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Title: What drives milex in Zimbabwe? A comparative study: Paper presented at ‘The Fourteenth Annual International Conference on Economics and Security at Izmir University of Economics, Turkey, on June 17-18, 2010.
Authors: Tambudzai, Zachary
Harris, Geoff
Keywords: Military expenditure, underlying determinants, qualitative methods, informal interactions, document analysis
Issue Date: 2016
Publisher: Midlands State University
Abstract: Most of the papers on the determinants of milex in Africa have taken a quantitative or econometric approach. Few have attempted a qualitative approach that investigates underlying motives for huge milex especially in Southern Africa. This study tests a model located within the public choice approach to economics using data drawn from interviews with key informants and documentary sources to derive salient determinants of milex in Zimbabwe and South Africa. The empirical findings suggest that Zimbabwe’s milex since 1980 has been influenced by internal political dynamics and to a lesser extend by economic factors. The most significant factors include regime security, elite corruption and liberation war hang-over and fear. In South Africa the milex level and composition are clearly formulated, transparent and are adhered to with respect to recurrent expenditures. However, recent military procurement history reveals increasing cabinet authoritarianism, a lack of transparency, significant opportunities for corruption and, arguably, inappropriate decisions.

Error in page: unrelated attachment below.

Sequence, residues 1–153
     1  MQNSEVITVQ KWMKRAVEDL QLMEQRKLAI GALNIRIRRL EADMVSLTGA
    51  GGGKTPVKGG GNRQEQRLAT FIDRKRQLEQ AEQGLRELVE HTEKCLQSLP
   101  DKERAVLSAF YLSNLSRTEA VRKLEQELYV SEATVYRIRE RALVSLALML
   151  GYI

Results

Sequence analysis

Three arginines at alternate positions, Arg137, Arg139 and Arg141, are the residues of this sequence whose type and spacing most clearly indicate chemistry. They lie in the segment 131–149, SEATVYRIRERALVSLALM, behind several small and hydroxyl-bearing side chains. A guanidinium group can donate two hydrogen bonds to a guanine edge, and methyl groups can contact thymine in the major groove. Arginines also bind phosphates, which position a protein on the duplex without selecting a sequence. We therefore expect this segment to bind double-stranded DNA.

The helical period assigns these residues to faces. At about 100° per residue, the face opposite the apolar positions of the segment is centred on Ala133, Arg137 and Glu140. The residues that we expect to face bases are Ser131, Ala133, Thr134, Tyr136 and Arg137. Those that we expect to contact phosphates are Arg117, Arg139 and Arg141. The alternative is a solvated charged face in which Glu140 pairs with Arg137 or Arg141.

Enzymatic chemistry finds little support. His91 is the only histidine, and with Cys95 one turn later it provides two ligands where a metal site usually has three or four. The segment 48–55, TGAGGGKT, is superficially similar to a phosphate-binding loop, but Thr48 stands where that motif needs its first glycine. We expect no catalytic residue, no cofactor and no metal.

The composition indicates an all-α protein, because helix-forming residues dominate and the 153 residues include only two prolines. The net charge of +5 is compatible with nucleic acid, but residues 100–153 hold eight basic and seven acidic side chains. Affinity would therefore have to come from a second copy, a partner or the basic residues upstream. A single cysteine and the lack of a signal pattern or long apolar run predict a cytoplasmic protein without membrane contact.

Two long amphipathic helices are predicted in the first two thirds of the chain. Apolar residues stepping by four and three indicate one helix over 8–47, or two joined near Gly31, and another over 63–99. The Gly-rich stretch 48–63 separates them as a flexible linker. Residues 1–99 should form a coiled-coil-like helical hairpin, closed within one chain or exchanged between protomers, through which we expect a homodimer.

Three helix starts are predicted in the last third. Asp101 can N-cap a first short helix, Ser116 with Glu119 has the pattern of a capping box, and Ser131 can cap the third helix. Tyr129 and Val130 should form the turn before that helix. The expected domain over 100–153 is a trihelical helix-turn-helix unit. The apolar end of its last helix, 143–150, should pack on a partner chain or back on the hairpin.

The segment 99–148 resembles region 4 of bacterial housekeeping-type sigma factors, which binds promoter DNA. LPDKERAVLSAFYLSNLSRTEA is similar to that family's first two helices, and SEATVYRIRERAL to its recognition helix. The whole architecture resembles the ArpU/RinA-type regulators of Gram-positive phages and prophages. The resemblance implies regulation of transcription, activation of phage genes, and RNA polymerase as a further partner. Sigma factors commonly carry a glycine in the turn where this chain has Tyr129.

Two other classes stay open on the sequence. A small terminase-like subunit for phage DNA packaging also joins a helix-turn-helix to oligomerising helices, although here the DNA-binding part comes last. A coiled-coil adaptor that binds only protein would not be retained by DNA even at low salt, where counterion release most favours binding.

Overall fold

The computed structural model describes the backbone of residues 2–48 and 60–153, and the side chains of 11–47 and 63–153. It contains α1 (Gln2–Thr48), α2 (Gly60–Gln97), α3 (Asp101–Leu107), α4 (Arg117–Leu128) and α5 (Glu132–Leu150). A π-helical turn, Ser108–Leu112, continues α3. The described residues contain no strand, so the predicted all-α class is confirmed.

Appears in Collections:Conference Papers

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